“That’s not really going to be the challenge, really. We’ve been through a lot this season. Keeping focus won’t be a problem. We could have lost focus when we lost to South Carolina State. But we’re going through with it. We could have lost focus when we lost to Campbell, but pull it through,” Richard said. “We will enjoy the win. Monday we’re back in the lab. It’s a whole different ball game. We fight out there.”
Sims-Crowell gives much credit to Oliver for turning the program around and to the next generation of Eagles players who are upholding the North Carolina Central standard.
“We assume that we will be in these situations. … We know we should be here most of the time. But this is an opportunity for us to really show the world… [A win] would mean we’re now back to standard and re-established,” said Sims-Crowell. “I’m excited that we’re getting the chance to really show the world who we are. That’s what we do.”
Earlier this season, after North Carolina Central defeated rival North Carolina A&T in the Duke’s Mayo Classic and upset New Hampshire, which ranked 25th, the Eagles briefly competed in the FCS Top 25 poll.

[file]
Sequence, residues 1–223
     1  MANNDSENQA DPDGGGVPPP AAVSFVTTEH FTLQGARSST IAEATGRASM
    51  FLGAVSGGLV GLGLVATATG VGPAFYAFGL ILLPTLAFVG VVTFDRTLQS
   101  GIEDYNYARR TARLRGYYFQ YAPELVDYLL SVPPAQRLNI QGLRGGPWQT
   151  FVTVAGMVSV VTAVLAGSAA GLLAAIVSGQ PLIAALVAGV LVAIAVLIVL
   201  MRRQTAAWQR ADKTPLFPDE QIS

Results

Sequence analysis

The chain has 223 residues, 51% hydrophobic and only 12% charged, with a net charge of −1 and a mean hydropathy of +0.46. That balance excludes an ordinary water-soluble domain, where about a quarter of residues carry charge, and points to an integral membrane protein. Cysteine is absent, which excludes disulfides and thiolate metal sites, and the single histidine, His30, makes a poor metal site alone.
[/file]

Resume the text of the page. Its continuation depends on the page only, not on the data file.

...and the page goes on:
No other MEAC teams dominated the conference during the season. These circumstances and North Carolina Central’s tough schedule prepared the Eagles to defend the MEAC crown.
“We’re playing very physical football at this conference,” said Oliver. “It usually starts with running [and] usually pretty good quarterback game. But it’s a grind every week and you have to bring your A-game.”
Oliver will be heading to the Celebration Bowl for the first time as head coach, but he won’t lack for experience. He was the defensive backs coach at North Carolina A&T in 2015 when the Aggies played in the first Celebration Bowl. Oliver’s second had a distraction and anchored the Aggies’ goal line in the final minutes to lead them to victory, the first of four Celebration Bowl titles the Aggies would go on to win.
Oliver is familiar with SWAC football and its style of play from his Celebration Bowl experience and three seasons as defensive coordinator in the conference. Since Oliver became Eagles coach in 2019, he has drawn 1-1 against SWAC opponents: In 2021, the Eagles defeated Alcorn State in their season-opening cricket MEAC/SWAC Challenge, but later lost a game by a point to Mississippi Valley State that season .
The Eagles’ Celebration Bowl opponent will not be known until the December 3 SWAC championship game.
“Regardless of who we play against, the fans will travel deep,” said Oliver. “They will try to create a hostile environment.”
The MEAC leads the Celebration Bowl series 5-1 and is currently on a four-game winning streak that one MEAC commissioner Sonja Stills believes will continue.
“North Carolina Central had an excellent team and had an excellent run this season. The best team will represent us at the Celebration Bowl and I couldn’t be happier,” said Stills. “MEAC has always had outstanding football and we showed that with our series at the Celebration Bowl and I expect nothing less by 2022 in Atlanta. The North Carolina Central Eagles will do their thing.”